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Community ready for annual feast

11/24/2013

By RANDY GONZALES

rgonzales@dailynews.net

It started approximately 20 years ago, and the Ellis County Ministerial Alliance has kept the tradition alive of a community Thanksgiving Day dinner.

One change this year for Thursday's dinner, which starts at noon, is the location. After having the dinner at the National Guard Armory in years prior, the dinner will be at the old Fanchon Ballroom, 2350 E. Old U.S. Highway 40.

The former Pam's Bakery Shop and Catering, renamed Rose Garden Steak Haus & Catering, 230 E. Eighth, has purchased the Fanchon building, now called the Rose Garden Banquet Hall.

"They asked if they could have the meal there, because that's where their kitchen is," said Kyle Ermoian, pastor at Celebration Community Church and president of the Ellis County Ministerial Alliance.

"They used to cook it and bring it over to the armory," he said. "This makes it much more convenient, and is a nicer atmosphere than the armory is. We're grateful to the armory for all the years they did it."

Florence Wear, owner of Corner Garden restaurant, started the tradition of a community Thanksgiving dinner. Ermoian said after the restaurant closed its doors in 2007, the fate of the dinner was in question.

"At that point in time, I took it upon myself to have Ellis County Ministerial Alliance take responsibility for that meal," Ermoian said.

"I sought out Pam Burgardt and asked her if she was willing to make a commitment to keep that event alive. She was willing; other caterers said they were willing to do it, but not on Thanksgiving Day itself -- that wasn't the idea."

With Burgardt on board, Ermoian started the search for partners willing to share the cost for the meal.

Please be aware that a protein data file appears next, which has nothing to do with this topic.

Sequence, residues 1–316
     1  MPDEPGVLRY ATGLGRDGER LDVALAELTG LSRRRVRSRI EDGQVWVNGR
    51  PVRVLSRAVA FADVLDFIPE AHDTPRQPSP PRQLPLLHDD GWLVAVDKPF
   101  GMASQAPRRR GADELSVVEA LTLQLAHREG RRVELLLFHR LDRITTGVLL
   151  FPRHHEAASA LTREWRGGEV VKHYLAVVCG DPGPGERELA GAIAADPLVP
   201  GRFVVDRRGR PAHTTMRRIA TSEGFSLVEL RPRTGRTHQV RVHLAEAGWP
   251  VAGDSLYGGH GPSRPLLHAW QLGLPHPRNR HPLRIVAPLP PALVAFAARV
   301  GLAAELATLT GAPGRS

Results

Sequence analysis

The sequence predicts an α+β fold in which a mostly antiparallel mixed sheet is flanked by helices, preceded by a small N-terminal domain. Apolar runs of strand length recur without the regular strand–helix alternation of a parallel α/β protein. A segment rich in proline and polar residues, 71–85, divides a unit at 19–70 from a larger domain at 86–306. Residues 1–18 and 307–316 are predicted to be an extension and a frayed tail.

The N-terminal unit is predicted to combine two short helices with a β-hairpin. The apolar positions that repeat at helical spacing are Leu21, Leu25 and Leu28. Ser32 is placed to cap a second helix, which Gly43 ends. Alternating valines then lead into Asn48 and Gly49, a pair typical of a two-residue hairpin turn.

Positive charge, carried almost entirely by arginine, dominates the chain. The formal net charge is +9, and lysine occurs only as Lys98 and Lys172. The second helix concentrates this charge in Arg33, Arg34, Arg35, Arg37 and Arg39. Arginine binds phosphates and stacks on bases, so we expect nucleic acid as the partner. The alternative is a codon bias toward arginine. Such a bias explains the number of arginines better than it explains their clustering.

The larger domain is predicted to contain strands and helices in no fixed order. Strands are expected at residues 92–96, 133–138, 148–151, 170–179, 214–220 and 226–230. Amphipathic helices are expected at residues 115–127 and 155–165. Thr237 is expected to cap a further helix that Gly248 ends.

"We have a group of sponsors every year, as well as the United Way, to help pay for the meal," Ermoian said.

Approximately 17 years ago, Ermoian would have people over from his congregation for Thanksgiving dinner. After a couple years, Ermoian had everybody instead go to the community dinner. Feeling guilty for doing that, Ermoian started a program to donate groceries for those who come to the community dinner.

Volunteers collected the groceries at local grocery stores Saturday, and they will fill bags Wednesday to distribute Thursday. In all, there are approximately 150 volunteers every year, including those who donate their time at the meal.

"We always have more than enough volunteers," Ermoian said.

Ermoian said usually the dinner serves approximately 300 people. To make those in attendance feel more comfortable, there are hosts assigned to each table.

"We want it to be a family-like atmosphere, so we have a couple table hosts at each table, just to engage our guests in conversation," Ermoian said.

Ermoian said the dinner fills a need.

"It brings the people of the community together, both people who are in need, and people who want to volunteer," he said. "It also provides a service for people who maybe it's not so much they can't afford to have a Thanksgiving Day meal, it's just a big undertaking.

"We're finding more and more elderly people who are having Thanksgiving Day with us."

First Call for Help is organizing volunteers. To volunteer, call (785) 623-2800.